Boris Johnson has vowed to protect Northern Ireland veterans (Picture: PA).
Tory leadership contender Boris Johnson has pledged to end the "unfair" prosecutions of veterans who served in Northern Ireland.
The former foreign secretary joined leadership rival Jeremy Hunt in backing a public campaign supporting UK soldiers who served during the Troubles.
Mr Johnson told The Sun: "We need to end unfair trials of people who served their Queen and country when no new evidence has been produced, and when the accusations have already been exhaustively questioned in court.
"We must protect people against unfair prosecutions. And I will."
He also said he would appoint a Veterans Minister if he does become prime minister.
A number of Northern Ireland veterans are facing charges, including Soldier F, who has been charged in relation to the killings of two protesters on Bloody Sunday in Londonderry in 1972.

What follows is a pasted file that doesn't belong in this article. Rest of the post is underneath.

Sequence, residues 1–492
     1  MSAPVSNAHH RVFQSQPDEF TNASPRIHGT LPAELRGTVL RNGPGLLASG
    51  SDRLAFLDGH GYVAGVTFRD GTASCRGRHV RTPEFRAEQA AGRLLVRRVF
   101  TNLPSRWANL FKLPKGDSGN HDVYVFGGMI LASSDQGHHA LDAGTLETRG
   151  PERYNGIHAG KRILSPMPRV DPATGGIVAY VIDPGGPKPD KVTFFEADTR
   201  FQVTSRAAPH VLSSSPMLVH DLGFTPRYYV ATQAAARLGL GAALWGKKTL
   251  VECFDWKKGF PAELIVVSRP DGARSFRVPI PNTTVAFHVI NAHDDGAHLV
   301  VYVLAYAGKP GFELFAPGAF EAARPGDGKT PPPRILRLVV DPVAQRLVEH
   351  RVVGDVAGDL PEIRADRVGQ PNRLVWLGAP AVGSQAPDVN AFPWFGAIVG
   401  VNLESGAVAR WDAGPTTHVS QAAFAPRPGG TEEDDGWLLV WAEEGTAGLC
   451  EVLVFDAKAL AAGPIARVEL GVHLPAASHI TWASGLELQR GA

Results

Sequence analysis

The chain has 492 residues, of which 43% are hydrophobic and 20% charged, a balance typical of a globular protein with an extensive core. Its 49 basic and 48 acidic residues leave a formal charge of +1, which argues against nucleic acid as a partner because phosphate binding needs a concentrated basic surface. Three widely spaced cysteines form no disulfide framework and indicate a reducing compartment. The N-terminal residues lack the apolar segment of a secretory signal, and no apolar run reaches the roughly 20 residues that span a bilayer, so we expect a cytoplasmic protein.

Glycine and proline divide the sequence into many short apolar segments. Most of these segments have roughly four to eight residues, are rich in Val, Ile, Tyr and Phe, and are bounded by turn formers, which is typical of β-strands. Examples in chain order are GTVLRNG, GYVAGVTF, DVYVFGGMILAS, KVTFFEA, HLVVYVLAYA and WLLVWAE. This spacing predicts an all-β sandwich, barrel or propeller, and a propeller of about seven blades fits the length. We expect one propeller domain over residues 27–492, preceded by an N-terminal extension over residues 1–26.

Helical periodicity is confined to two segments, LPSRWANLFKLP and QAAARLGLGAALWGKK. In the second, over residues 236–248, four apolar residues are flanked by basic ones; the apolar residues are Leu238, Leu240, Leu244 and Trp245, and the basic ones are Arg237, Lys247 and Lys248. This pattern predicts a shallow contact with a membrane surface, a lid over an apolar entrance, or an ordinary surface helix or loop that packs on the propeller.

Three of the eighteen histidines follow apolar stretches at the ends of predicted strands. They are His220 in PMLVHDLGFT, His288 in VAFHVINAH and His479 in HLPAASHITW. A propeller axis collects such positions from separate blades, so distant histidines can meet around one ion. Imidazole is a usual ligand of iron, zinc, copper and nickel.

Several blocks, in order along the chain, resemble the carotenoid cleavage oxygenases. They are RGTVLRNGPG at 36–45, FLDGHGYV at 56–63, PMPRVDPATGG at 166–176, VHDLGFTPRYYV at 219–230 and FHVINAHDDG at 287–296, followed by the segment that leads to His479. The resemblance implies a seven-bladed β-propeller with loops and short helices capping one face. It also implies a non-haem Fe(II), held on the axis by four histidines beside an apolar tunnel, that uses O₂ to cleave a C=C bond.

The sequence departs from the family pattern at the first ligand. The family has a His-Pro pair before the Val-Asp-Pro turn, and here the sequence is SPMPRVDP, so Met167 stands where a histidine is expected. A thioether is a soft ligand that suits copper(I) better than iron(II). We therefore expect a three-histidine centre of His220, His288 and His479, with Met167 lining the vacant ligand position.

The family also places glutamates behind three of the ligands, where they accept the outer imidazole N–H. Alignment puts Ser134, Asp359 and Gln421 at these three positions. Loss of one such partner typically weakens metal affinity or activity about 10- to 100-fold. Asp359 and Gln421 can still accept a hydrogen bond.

On Monday, former defence minister Mark Francois said investigations into veterans who served in Northern Ireland are "a deep insult".
In May, the Defence Secretary Penny Mordaunt announced plans for legislation to provide stronger protection from repeated investigations into historical allegations for veterans of overseas conflicts in Iraq and Afghanistan.
Under the proposals, there would be a "presumption against prosecution" in relation to alleged incidents dating back more than 10 years unless there were "exceptional circumstances".
As it stands, the legislation will not apply to those who served in Northern Ireland.
However, in an apparent break with Government policy, Ms Mordaunt has said she intended to find a way they could be afforded similar protection.